The President, falsely claiming that nothing was done in her absence, went on to duplicate what the Prime Minister had done, setting up a ‘task force’ to rebuild the nation, handle rescue and relief, and maintain order. The Tamil Tigers (wisely) declined to be part of this since it is likely to turn out to be no more than yet another obstacle for potential aid-givers to negotiate on a road already cluttered with bureaucratic obstacles (and even roadblocks).
The Tamil Tigers
As has been mentioned, some of the most serious damage from the tsunami is in the area controlled by the Tamil Tigers. They have a crucial role to play in the delivery of aid to this area and the east. The Tamil Rehabilitation Organisation (TRO) is a major body that has been in operation for over 19 years and has extensive experience and expertise to translate ‘relief effort’ to ‘effective relief.’ With district offices and sub-offices in all 18 districts in the Tamil area, an office in Colombo, and employing some 3500 paid staff, the TRO has been partners with several international NGOs and UN agencies in major reconstruction and rehabilitation programs in the Northeast over a long period of time. The question at issue is not whether it is, or is not, a ‘Tamil Tiger Front’ but whether it can deliver. The answer seems to be ‘Yes, it can.’ If the alternative is the lethargic, disorganized, incompetent and disinterested Sri Lankan Government, then the TRO is on an entirely different plane. You will find the TRO details onhttp://www.tsunami-trocsc.com, www.troonline.org , www.trousa.org.
If the TRO can deliver, it makes sense to let it do so. Recognizing this, even the Sri Lankan Government permitted the TRO to engage in rehabilitation and reconstructive work in both the Tamil Tiger-controlled area as well as the Sri Lankan military-controlled area in the northeast. However, whatever the Government says, its Armed Forces and Police have ideas of their own – to obstruct the work done by the TRO in the East, an area where the devastation was particularly severe.
In an unbelievable act, bordering on treason, the Sri Lankan Army and the ‘Secial Task Force’ of the Police, has just moved into the refugee camps in the East and have taken them over from the TRO. It is difficult to believe that the Executive President, the Minister of Defense, the Minister of Reconstruction and Rehabilitation, the Head of the Disaster Management Unit of the Presidential Secretariat, and the Commander-in-Chief of the Armed Forces, who all happen to be one person, Chandrika Kumaratunga, was unable to prevent or reverse this.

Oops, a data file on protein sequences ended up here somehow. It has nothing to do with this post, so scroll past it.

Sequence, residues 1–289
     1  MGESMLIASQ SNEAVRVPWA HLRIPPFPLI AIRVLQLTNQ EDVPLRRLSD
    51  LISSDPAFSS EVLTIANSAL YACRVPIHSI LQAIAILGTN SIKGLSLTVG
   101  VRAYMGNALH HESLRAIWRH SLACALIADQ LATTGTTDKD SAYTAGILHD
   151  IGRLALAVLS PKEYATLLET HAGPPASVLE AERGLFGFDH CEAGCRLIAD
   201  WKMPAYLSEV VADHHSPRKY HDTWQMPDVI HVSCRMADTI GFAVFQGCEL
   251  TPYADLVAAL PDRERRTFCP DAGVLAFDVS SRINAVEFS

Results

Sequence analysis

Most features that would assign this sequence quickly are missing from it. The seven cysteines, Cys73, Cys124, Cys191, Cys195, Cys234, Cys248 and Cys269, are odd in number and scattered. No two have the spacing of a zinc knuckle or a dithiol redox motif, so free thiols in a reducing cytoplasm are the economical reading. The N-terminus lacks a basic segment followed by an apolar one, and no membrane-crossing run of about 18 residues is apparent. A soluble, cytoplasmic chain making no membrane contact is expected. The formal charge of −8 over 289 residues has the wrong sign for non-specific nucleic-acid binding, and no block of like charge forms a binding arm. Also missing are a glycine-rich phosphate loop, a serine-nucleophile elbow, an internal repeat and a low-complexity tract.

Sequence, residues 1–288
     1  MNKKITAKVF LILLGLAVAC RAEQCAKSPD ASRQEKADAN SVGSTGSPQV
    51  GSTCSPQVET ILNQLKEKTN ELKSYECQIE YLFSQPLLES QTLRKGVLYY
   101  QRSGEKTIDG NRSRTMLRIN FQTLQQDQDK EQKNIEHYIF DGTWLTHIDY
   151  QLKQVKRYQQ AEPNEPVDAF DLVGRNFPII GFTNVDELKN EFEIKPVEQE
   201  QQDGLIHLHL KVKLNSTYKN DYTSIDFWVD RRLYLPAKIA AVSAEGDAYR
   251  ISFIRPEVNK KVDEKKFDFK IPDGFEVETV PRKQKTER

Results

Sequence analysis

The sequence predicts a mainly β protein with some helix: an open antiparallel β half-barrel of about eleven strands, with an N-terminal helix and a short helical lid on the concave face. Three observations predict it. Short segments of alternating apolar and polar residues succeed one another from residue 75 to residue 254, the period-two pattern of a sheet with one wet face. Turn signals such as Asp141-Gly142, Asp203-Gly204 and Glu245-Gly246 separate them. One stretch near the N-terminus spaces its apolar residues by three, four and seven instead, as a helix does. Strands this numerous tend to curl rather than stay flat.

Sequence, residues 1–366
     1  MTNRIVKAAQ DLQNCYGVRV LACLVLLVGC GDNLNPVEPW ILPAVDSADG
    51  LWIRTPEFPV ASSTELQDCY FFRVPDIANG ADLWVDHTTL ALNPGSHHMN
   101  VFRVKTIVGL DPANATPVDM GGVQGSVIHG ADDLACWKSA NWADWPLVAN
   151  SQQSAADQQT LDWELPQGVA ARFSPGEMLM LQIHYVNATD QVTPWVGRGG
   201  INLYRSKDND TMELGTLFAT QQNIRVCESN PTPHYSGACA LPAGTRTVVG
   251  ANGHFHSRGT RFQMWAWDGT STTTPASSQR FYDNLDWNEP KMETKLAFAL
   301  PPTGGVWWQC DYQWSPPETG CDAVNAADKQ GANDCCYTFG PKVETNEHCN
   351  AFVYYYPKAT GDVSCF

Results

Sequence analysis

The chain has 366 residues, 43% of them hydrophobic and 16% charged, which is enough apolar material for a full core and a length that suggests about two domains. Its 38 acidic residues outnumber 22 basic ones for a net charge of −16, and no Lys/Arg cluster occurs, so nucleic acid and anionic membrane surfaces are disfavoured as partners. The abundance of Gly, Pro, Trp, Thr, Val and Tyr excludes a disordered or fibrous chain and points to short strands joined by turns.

The NGOs and Church groups.
A number of NGOs (World Vision, Red Cross, OxFam, Care Australia, UNICEF and Caritas) are doing an outstanding job in raising money and delivering what they can where they can. The Executive Director of World Vision (Australia), the dynamic Rev.Tim Costello, (brother of the Australian ‘Prime Minister in Waiting’ who incidentally has been waiting a long time!), has just returned after visiting both the South and the NorthEast of Sri Lanka. The Australian public has raised an amazing $15 million dollars in a single day supporting a cricket match for World Vision.
By naming the large NGOs, I am in no way trying to down play the outstanding contributions of small groups, especially small Church groups, and even individuals.
An important point is that ANY of these Organisations would be a safer bet than the Sri Lankan Government until such time, if ever, that it gets its act together.
Foreign governments, big and small from across the world, have been commendably generous. India was, as expected, first off the block, flying in six helicopters to rescue victims, following this up with huge amounts of medical supplies, food and other relief supplies. Later two entire field hospitals with over 70 medical personnel and medical supplies arrived.
Dragging its feet was what the US was doing. With international eyebrows raised, when it finally decide to act, it was to play geopolitical games. Some 1,500 American troops have landed, supposedly to help and are busy establishing camps. Warships, probably three, are anchored off the Sri Lankan coast. What are they doing other than irritating India? Predictably, India has ‘expressed concern’ adopting a 'I don’t want that boy to be in my backyard’ attitude.
Let me digress to deal with US aid. If the US really wanted to help Sri Lanka, it could pressure American companies operating in Colombo to pay even a little more than the $1/day they are paying impoverished Sri Lankans to sew denim jeans which are sold at $100 each. Sending 1500 troops and even three ships is not an alternative. The tsunami will not wash away the injustice and misery of slave labour in sweatshops.